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How to Respond to Hurricane Ida Insurance Company’s Low-Ball Estimates

There are several knee-jerk defenses set forth by insurance companies in responding to homeowners seeking payment for specific damages arising from Hurricane Ida. Often, policyholders do not know how to respond to the insurance company denying payment of certain types of water damage. The following are suggested responses to an insurance company’s refusal to pay specific damages caused by Hurricane Ida.

Roof Repair Instead of Replacement

It is undisputed the majority of roofs in the pathway of Hurricane Ida need to be replaced instead of repaired/patched. It is recommended your licensed roofing contractor insert a statement in the estimate and/or invoice that the roof needs to be replaced and the testing/analysis utilized in arriving to such conclusion. This roofer’s statement may persuade the insurance company to pay for a roof replacement instead of a repair/patch.


Most homeowners with roof damage also had corresponding water damage to sheetrock, ceilings, and walls. Sheetrock ceilings and walls are spongy, soft and absorb water.  Insurance adjusters often pay for merely repair and painting of sheetrock and ceilings instead of replacement. If your hurricane damaged ceiling and/or wall display is bulging, sagging and/or bubbling, the water damaged sheet rock must be removed and replaced due to high moisture content and the possibility of mold growth. Also, sheetrock may contain a high moisture content without visible manifestation due to water infiltration.  If the sheetrock is not replaced but simply sprayed with disinfectant and painted, such will be a recipe for mold growth and other further complications. Therefore, the water damaged sheet rock must be removed and replaced.


On occasion, insurance companies attempt to deny payment for water damaged walls and ceilings based on the “mold” exclusion’. The “mold” exclusion does not apply for the removal of water damaged walls and ceilings which later develop mold. The mold exclusion only applies when mold travels to walls that are not water damaged.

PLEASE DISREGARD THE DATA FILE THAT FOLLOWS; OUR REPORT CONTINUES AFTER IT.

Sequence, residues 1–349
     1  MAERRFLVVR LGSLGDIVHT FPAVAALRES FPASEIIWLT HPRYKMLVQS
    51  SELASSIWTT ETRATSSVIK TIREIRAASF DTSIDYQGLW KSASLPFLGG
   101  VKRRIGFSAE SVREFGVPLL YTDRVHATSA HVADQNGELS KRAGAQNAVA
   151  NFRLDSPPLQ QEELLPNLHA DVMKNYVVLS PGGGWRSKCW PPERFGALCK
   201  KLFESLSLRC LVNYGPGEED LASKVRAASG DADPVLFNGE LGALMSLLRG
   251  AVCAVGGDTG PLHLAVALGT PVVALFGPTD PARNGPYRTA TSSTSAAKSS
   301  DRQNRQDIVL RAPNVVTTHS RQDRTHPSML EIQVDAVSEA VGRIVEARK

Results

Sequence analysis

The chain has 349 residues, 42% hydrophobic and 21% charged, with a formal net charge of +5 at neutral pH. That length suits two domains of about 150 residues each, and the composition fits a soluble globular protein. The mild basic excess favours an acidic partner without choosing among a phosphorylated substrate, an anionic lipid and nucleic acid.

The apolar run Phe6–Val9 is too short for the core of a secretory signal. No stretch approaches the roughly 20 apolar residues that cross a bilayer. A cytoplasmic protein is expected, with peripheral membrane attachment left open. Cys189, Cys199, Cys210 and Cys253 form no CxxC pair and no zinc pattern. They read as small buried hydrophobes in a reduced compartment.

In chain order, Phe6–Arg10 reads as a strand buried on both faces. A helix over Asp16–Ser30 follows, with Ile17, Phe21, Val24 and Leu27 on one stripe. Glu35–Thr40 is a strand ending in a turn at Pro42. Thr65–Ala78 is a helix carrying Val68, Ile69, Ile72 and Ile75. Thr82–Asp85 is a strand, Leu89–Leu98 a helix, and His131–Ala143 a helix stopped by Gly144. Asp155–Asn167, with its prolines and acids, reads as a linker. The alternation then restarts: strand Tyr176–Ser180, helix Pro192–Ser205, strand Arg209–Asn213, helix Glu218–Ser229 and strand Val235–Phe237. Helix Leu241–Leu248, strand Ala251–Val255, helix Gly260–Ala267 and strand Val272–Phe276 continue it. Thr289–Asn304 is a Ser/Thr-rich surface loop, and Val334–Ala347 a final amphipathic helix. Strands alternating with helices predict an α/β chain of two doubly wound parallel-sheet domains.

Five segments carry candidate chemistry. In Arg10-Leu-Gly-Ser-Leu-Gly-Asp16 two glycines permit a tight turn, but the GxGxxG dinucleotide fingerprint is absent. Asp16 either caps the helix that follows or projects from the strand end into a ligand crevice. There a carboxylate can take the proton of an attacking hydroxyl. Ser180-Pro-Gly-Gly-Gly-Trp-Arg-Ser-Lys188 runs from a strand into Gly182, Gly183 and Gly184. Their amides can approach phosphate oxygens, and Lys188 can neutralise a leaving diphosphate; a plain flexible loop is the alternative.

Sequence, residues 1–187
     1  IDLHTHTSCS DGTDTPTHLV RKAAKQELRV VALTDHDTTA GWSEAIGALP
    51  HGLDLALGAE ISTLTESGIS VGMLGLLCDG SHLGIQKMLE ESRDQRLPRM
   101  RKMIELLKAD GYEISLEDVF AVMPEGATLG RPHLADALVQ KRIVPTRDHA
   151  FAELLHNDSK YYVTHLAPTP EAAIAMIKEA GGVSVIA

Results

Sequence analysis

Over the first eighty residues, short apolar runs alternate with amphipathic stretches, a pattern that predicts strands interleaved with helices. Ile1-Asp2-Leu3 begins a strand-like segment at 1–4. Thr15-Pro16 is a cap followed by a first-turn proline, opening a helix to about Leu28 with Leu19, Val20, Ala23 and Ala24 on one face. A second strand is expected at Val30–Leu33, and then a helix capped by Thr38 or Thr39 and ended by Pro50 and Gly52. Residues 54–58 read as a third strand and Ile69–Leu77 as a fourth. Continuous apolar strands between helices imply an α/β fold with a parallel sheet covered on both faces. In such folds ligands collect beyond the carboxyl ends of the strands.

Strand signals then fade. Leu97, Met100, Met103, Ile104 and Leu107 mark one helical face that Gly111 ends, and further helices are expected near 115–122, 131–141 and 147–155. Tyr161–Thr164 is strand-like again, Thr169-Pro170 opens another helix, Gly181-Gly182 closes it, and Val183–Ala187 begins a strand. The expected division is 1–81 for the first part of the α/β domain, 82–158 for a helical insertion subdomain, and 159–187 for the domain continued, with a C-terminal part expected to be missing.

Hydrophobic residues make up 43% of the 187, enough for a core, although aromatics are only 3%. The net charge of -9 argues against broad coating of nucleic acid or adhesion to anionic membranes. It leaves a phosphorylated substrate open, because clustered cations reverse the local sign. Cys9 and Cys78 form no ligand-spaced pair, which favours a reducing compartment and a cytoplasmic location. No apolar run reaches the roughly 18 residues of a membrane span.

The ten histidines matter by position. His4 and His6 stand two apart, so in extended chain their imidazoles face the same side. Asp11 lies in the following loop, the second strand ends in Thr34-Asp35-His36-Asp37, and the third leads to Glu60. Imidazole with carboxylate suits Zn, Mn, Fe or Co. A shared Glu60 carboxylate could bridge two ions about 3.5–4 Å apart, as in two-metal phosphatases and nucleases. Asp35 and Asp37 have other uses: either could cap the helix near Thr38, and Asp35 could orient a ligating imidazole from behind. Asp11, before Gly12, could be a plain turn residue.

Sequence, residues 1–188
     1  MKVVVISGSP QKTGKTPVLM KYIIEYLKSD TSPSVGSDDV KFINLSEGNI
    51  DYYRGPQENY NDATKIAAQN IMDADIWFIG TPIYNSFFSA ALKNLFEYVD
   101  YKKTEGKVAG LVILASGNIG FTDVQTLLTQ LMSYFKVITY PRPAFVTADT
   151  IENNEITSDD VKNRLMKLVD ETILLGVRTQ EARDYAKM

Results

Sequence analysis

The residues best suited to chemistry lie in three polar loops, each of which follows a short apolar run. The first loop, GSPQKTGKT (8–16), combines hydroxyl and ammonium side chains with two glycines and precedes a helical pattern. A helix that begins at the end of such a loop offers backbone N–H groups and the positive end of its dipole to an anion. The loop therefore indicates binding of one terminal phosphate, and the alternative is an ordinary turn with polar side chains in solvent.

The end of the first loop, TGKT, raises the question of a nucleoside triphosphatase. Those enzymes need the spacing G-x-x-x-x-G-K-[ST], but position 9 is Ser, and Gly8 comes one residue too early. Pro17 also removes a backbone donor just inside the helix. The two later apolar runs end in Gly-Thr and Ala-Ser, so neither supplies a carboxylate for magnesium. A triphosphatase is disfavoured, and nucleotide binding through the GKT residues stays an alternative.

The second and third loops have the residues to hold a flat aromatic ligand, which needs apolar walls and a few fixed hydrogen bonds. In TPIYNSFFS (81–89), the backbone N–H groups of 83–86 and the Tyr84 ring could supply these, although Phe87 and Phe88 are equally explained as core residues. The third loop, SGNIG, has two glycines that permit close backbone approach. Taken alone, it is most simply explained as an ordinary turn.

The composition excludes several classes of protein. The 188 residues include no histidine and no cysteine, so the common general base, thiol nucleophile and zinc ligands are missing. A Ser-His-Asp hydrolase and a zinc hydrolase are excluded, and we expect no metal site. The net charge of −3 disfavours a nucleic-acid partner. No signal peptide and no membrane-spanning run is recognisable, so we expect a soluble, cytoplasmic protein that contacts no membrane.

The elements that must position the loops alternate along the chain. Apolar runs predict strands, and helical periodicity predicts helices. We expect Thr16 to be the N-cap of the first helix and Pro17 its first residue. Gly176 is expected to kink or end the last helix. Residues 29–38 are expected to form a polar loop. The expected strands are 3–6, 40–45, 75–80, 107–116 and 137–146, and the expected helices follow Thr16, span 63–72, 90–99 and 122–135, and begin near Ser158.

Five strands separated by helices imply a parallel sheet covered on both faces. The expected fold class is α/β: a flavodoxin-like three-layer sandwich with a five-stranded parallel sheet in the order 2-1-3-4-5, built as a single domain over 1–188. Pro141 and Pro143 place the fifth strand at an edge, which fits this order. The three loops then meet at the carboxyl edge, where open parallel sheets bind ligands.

Hurricane Ida caused water infiltration through windows and doors arising from the wind-driven rain. Many claims’ adjusters have attempted to disallow damage based on the “seepage” exclusion. The “seepage” exclusion should only apply for moisture gradually entering a pre-existing opening over an extended period of time. The “seepage” exclusion does not apply for water infiltration from hurricane winds caused by vibration and compromise of the seal to doors and windows.

Water Damaged Wood Floors

Water is a hardwood floor’s worst enemy. Wood flooring is not resistant to water.  Wood floors will become damaged if water is allowed to soak into it. Signs of permanent damage are as follows: 

  • Staining and discoloration
  • Cupping and buckling
  • Lifting nails
  • Lifting floorboards
  • Mold growth

Yet, many insurance companies will only pay for sanding down, repair or patching if the wood floor is saturated by water/rain. In such a case, it is undisputed the insurance company is required to pay for a full replacement of the entire continuous area of the damaged wood floors. 

Also, many adjusters attempt to state that the water damaged portion of the wood floor could be replaced while the undamaged wood flooring remains in a mismatched presentation. Again, the insurance company is required to replace the entire continuous area of damaged wood floors as opposed to being required to have 2 contrasting and unmatched areas featuring the replaced wood floor and the undamaged floor.